December graduates to attend convocation ceremony this Sunday

| 02 December 2008

More than 2,500 students at the University of California, Berkeley, are graduating this fall, and several hundred of them will walk across the Zellerbach Auditorium stage in caps and gowns this Sunday, Dec. 7, at the 2008 December Graduates Convocation.

The keynote speaker will be Mimi Silbert, founder and CEO of the San Francisco-based Delancey Street Foundation, arguably the nation's best-known residential self-help program for former substance abusers, ex-convicts, homeless individuals and others wanting to turn their lives around. A UC Berkeley alumna, Silbert received a master's degree in education in 1965 and a doctorate in criminology in 1968.

This semester, about 1,795 UC Berkeley undergraduates and 1,038 graduate students will earn degrees, according to the campus's Office of the Registrar. Approximately 300 graduates and their guests are expected to attend this Sunday's ceremony. No diplomas will be awarded at the event. Tickets are required, and credentialed news media are welcome. The first December Graduates Convocation was held in Hertz Hall auditorium in 2000.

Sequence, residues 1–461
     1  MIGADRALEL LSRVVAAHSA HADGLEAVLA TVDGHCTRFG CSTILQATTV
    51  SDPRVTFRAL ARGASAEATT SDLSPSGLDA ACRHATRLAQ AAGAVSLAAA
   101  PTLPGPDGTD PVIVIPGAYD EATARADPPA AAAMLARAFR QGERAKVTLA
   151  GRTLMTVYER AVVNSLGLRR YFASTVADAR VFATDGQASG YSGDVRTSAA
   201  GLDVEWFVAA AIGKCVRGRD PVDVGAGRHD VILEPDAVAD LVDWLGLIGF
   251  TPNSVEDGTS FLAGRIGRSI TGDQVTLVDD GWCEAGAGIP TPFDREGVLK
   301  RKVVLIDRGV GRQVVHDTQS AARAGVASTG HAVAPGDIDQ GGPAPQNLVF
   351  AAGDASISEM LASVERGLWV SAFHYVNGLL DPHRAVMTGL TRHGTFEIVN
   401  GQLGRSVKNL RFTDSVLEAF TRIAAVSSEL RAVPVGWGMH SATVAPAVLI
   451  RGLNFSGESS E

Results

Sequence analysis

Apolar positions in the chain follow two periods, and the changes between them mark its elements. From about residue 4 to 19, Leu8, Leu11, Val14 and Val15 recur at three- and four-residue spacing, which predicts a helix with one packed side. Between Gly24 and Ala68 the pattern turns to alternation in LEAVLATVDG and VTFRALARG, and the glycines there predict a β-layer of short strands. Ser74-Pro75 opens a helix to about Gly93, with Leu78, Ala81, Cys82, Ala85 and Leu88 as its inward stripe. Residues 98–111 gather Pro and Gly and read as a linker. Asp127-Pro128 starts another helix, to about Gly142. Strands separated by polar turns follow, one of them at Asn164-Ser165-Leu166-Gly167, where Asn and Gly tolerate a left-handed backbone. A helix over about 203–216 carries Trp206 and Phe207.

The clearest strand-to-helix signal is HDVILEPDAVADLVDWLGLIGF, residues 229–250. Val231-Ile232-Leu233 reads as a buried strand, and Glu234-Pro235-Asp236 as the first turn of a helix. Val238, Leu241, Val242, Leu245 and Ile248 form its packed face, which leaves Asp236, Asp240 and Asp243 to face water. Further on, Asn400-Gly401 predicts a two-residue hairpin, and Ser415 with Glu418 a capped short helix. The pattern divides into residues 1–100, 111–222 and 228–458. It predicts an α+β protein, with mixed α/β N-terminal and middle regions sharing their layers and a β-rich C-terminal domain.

Chancellor Robert J. Birgeneau and California Alumni Association President Darek Defreece will speak at this Sunday's event. The student address will be given by 2008 graduate Casey Trombley-Shapiro. "Hail to California" will be performed by the University of California Men's Octet, and the "Star-Spangled Banner" will be performed by the Golden Overtones.

Also on the program will be Walter B. Hewlett, chairman of the William and Flora Hewlett Foundation. Hewlett, an independent software developer with a background in physics, engineering and music, helped his father and mother establish the Hewlett Foundation in 1966 and has served as chairman since 1994. The foundation supports an array of social and environmental causes.

Last year, the Hewlett Foundation donated $113 million to UC Berkeley to create 100 endowed chairs to keep professors' salaries competitive with those at the best private schools and to recruit top graduate students. The gift was the largest private donation in the campus's history.